“All right, you old shithead! You’re not running us off, by God” Now he walked in a tight circle, his head aimed at the ceiling of the stairwell. “Just you try to get rid of us. Just try!”

Then, Harry stopped. When he did, there was silence. A deafening silence.

Harry turned to Lisa. “You want to see his latest shit, besides the footsteps?” he asked, still in a loud voice. “Go look in there.” He pointed at the dining room door.

Harry milled around staring up the stairs toward the second floor while his wife entered the dining room.

“What is it you wanted me to see, Harry?” she asked after a few minutes.

“On the wall, damn it!” Harry yelled. Above that low china case on the north wall.”

“There’s nothing here, Harry.”

Incensed again, Harry headed into the dining room and stood before the aforesaid wall.

Nothing was there. Only faded wall paper. There wasn’t even any evidence that anything had ever been written there, much less scrawled across the wall.

Harry met Lisa in the hall. “What we have here is a paranormal case, Lisa,” he said, trying to calm down. “I just know that old bastard, Uncle Terrence, has come back here to haunt us. To drive us out.”

“I don’t believe in ghosts, Harry.” Lisa stated again, this time emphatically.

“Whether you believe it or not, damn it, he is back.” Harry turned in a circle and stopped in front of the stairs. “He has come back here to run us off. Well, he’s not going to.”

The doorbell interrupted this conversation and a moment later, Lisa opened the door to Mrs. Whitworth, Terrence’s former cook who Harry had told to continue her services for them. She had come to prepare breakfast.

“What’ll it be this morning? Bacon and eggs okay? Or would you like to have an omelet?” the woman asked over her shoulder has she headed down the main hall toward the kitchen.

In the kitchen she went right to work preparing the morning meal.

“Mr. Timberlake always had to have his two cups of coffee every morning, God rest his soul.”

Harry and Lisa stood and watched while the woman quickly prepared two ham and cheese omelets.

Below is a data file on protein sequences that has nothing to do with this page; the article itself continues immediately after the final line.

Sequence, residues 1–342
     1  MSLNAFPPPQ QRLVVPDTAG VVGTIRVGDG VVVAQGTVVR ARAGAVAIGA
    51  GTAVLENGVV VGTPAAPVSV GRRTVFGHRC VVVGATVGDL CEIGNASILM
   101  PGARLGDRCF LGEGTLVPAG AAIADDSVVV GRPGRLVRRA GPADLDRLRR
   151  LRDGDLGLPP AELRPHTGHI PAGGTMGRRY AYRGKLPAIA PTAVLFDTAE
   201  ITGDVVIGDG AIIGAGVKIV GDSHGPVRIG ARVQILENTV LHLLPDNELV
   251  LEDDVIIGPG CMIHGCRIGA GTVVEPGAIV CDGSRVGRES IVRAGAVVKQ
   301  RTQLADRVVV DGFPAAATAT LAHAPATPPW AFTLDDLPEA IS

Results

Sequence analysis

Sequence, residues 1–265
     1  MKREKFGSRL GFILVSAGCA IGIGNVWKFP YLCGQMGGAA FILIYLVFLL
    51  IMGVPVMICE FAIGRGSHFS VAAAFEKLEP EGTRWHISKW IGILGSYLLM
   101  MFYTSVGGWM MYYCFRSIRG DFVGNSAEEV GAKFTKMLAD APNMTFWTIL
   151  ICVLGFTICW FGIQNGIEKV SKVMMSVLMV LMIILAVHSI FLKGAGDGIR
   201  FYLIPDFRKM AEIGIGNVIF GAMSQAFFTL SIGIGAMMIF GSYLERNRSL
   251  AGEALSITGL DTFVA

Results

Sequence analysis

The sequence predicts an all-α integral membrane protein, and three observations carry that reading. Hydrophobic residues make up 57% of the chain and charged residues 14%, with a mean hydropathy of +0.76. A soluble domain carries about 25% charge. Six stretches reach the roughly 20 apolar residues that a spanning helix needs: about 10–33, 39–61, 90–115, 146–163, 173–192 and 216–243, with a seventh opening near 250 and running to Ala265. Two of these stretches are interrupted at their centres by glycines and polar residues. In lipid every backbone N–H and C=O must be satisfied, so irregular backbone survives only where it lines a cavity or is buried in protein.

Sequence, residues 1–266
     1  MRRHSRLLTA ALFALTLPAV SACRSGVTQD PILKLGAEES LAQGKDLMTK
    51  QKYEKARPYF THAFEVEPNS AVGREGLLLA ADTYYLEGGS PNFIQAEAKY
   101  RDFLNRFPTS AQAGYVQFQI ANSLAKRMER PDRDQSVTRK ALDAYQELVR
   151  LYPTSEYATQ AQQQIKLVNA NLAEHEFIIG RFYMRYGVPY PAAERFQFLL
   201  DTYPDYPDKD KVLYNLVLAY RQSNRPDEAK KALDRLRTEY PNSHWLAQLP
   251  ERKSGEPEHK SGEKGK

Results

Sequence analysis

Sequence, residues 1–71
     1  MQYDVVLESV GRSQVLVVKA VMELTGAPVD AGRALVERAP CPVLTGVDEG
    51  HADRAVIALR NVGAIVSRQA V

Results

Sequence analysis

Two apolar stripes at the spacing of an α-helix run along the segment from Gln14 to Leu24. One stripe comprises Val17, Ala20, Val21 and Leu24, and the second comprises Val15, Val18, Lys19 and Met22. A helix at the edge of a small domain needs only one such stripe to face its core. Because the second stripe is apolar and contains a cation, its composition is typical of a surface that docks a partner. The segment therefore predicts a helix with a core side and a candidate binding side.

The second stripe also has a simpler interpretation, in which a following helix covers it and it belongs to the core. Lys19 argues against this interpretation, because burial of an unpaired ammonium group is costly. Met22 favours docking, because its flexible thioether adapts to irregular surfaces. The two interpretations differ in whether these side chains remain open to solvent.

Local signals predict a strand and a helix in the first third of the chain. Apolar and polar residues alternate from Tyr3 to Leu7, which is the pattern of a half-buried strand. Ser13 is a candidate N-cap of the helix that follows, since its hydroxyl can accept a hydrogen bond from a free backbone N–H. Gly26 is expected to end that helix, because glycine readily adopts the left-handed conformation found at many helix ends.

“Mr. Timberlake always wanted me to stick around a while and talk while he ate his breakfast.” The woman brought two plates and silverware into the dining room.

“He was always talking to himself, poor man,” she said, setting up two places at the large heavy oak table.

The couple sat, eating their breakfast, while Mrs. Whitworth cleaned up the kitchen and put excess food away.

“I can make some sandwiches for your lunch,” she called over her shoulder while she worked at the sink.

“I’ll set them in the fridge. All you need to do is heat them up.”

“That would be great, Mrs. Whitworth.” Lisa called from the dining room. “We’ll probably go out tonight, though. Thanks.”

Later that day, Harry and Lisa were relaxing in the living room when both heard voices coming from the upstairs hall.

“What the hell is this, now.” Harry jumped up and headed for the stairs. Running up to the midway landing he turned to see nothing at the head of the stairs. At the top of the stairs there was no one in the hall.

Cursing loudly, he went from door to door in the hall, opening each and slamming the door behind him. He found nothing.

Furious, he ran to the head of the stairs to confront Lisa, who had stopped on the landing below.

“I think we got another visit from our damned Uncle,” he yelled.

“He’s…He’s dead, Harry.”

“Once again, he’s a goddamned ghost, Lisa,” Harry shouted, emphasizing each word. “And he’s trying to drive us off. Or drive us insane.”

He started down the stairs. “Well, he’s not going to do it.”

Nothing else occurred that day but when both were in bed late that night Harry realized there had been two voices in the upstairs hall. One of them female.